We thought about how we were going to pitch it in that way to our BD partners and then started to understand from our developers, based on their feedback in the alpha, where we thought we wanted to go for this workflows launch moment. We then tried to set a roadmap for what was going to help us launch with this workflows moment.
I think that motivation, that goal, and that alignment of having this clear destination really helped us get to a successful launch moment.
I think from the marketing end, what I found was that through the entire product development and go-to-market lifecycle, every role had a seat at the table.
I recognize that depending on the size of a company or the relationship between product and marketing, some of those things are easier or harder. But it was in core meetings, it was marketing, BD, product, eng, design, and DevRel, and everyone knew their part.
And with the marketing campaign, it wasn't just me thinking about channels. It was about saying, “What are the communities folks a part of? What's the content we want to create? Who is the subject matter expert to drive that content?”
And that was really that ‘aha’ moment for me, that this developer marketing motion isn’t me. This motion is this entire team at the table that’s building the product, thinking through the naming, validating the naming and messaging, and building all of those partner relationships.
You just hit on something that I was going to talk about, which is making sure that everyone has a seat at the table.
Some of my most recent wins have been situations where I was so in lockstep with product marketing or dev marketing or both, and/or product management.
One was a recent keynote that we put together earlier this year, where I coordinated a team of 10 developer relations engineers in various roles, building out a demo that covered seven products that we wanted to highlight.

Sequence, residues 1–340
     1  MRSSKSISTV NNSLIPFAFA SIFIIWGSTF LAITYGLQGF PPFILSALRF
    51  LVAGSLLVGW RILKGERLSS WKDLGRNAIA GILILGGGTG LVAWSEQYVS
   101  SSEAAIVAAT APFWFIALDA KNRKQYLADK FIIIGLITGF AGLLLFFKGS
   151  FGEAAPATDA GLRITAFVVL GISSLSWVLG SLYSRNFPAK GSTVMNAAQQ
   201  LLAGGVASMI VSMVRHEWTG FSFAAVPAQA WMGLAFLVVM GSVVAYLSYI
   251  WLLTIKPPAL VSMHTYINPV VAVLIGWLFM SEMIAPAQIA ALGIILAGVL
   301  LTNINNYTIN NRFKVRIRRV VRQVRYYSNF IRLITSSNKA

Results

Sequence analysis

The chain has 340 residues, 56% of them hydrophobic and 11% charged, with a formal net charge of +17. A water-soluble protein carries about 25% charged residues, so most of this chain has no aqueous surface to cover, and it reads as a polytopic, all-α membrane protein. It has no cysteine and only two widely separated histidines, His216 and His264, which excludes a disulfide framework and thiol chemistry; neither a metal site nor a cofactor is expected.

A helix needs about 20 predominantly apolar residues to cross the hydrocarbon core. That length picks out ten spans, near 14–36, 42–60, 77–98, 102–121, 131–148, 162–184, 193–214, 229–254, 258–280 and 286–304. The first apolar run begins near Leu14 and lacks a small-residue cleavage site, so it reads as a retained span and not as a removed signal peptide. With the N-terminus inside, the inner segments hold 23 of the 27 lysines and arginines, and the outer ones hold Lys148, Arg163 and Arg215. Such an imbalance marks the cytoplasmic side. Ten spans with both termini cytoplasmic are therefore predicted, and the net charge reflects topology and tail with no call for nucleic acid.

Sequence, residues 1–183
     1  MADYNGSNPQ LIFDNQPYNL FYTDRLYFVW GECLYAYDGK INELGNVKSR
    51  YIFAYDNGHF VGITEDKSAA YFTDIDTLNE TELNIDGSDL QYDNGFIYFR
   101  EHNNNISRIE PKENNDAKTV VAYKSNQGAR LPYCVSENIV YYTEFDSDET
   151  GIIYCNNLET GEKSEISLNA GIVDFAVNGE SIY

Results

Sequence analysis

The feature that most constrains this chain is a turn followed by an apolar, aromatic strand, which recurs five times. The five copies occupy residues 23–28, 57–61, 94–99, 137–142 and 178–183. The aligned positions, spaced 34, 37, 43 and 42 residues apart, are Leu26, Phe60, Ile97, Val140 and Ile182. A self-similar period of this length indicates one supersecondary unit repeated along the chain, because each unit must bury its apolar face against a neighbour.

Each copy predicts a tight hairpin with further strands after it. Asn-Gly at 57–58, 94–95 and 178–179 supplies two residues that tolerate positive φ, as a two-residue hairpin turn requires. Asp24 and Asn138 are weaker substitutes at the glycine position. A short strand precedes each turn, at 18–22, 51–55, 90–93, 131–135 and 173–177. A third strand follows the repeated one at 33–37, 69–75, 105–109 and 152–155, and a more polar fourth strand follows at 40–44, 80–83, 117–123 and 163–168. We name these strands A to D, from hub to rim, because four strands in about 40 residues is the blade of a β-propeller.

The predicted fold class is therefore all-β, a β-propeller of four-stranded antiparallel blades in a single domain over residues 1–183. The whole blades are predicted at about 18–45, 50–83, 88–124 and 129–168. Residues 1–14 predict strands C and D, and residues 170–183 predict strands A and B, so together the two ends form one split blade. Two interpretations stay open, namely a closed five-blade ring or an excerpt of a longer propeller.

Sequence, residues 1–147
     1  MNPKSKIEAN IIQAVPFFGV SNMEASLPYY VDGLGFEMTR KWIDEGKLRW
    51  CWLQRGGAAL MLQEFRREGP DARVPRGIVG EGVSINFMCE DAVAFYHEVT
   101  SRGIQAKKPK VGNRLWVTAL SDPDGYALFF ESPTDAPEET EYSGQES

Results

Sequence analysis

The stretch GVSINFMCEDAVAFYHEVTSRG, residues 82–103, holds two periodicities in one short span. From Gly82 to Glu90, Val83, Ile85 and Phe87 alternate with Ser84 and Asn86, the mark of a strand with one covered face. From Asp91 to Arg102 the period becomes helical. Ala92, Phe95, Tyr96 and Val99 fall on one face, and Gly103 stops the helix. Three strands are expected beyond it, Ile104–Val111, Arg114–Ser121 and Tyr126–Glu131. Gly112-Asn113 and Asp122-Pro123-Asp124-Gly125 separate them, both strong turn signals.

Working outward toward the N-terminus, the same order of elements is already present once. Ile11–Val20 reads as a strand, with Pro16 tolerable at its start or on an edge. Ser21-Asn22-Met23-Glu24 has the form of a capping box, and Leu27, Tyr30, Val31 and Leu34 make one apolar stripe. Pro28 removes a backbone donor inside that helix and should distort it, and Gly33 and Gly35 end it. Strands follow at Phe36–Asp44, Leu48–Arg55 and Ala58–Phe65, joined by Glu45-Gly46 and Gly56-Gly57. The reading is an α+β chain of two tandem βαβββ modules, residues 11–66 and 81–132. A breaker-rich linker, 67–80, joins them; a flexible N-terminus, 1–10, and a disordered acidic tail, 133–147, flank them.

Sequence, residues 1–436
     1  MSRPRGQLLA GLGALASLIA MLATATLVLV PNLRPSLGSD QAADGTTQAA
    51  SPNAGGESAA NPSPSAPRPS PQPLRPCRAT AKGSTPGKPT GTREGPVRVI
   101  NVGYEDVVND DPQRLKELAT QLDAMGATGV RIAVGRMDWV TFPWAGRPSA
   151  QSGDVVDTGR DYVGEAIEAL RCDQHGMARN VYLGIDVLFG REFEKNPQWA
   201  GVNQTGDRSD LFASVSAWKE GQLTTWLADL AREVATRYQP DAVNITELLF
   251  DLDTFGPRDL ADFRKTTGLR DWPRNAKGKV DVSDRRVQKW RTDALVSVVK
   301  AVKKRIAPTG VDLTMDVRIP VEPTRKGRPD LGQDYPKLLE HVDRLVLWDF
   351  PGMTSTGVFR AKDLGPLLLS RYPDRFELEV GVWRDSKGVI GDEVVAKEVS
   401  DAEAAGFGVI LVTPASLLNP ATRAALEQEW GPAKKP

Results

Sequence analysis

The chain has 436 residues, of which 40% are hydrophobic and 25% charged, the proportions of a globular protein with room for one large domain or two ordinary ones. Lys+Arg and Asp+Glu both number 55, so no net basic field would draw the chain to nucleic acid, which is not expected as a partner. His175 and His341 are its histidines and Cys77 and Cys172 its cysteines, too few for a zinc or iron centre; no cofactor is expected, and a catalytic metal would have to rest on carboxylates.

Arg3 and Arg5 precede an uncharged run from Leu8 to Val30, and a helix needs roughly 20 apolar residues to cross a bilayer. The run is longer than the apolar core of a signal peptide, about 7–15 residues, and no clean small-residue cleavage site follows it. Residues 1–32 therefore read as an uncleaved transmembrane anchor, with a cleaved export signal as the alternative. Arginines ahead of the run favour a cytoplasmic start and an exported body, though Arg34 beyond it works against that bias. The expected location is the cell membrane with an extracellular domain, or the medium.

We came up with a scenario, we did the architecture diagram, and we started coding like maniacs. And simultaneously, I was sitting in meetings for hours a day back and forth with the product team, the product marketing team, and the dev team, working on making sure that we got those words right.
I said, “You guys know the words part. You make way prettier slides than me. You know how we have to position this in the market due to all the research that you've done. Let me do the part I'm good at, which is making stories that are great for developers and making interactive demos, and you guys do the part you're good at.”
It truly wasn’t a passing the buck around, but day-to-day, over and over until 9 PM or 10 PM at night sometimes, getting everything right. Everything had feedback from both parties, and I felt really good about what we’d done in the end. I felt like we had a good developer story.
There was pushback of, “We don't think this is compelling.”
But I said, “No, we validated it.” Not with scientific research, but with anecdotal research. We thought this was a good story and it was great to feel good about that.
I always like to say that we win together. There’s no, “I did this.” We win together. We all bring different skills to the table. We all bring different talents, different communities, and different backgrounds.
And we have to bring all of those skills together because we win together. We succeed as a group, not as a DevRel team and a marketing team, and a product team.